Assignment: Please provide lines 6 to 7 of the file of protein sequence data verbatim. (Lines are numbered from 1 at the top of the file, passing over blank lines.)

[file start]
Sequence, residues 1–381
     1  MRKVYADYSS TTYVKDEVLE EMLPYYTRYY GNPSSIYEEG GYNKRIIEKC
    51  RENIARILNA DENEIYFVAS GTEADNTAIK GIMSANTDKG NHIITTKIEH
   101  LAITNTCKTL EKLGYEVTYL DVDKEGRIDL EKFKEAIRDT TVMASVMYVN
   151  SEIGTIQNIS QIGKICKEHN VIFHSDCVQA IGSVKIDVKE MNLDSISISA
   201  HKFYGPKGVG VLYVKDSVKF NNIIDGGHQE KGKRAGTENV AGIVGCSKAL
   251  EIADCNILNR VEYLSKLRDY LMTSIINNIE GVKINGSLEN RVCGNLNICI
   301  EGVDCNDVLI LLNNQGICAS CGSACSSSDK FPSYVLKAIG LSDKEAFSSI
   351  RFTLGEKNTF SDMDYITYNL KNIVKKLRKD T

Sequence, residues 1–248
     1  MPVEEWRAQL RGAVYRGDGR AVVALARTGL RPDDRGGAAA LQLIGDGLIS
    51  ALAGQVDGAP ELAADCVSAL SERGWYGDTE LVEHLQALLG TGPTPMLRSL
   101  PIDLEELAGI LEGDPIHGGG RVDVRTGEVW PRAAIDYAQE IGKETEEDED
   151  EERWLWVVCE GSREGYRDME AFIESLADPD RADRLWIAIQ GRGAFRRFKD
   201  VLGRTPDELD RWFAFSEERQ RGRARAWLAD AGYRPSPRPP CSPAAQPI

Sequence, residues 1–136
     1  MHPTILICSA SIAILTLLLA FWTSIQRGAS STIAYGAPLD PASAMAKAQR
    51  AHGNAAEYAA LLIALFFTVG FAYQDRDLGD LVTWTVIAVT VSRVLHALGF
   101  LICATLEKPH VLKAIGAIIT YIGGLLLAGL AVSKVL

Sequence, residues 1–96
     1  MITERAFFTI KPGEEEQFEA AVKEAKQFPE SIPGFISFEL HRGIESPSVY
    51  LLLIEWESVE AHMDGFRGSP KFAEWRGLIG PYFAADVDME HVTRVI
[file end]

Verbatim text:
   201  HKFYGPKGVG VLYVKDSVKF NNIIDGGHQE KGKRAGTENV AGIVGCSKAL
   251  EIADCNILNR VEYLSKLRDY LMTSIINNIE GVKINGSLEN RVCGNLNICI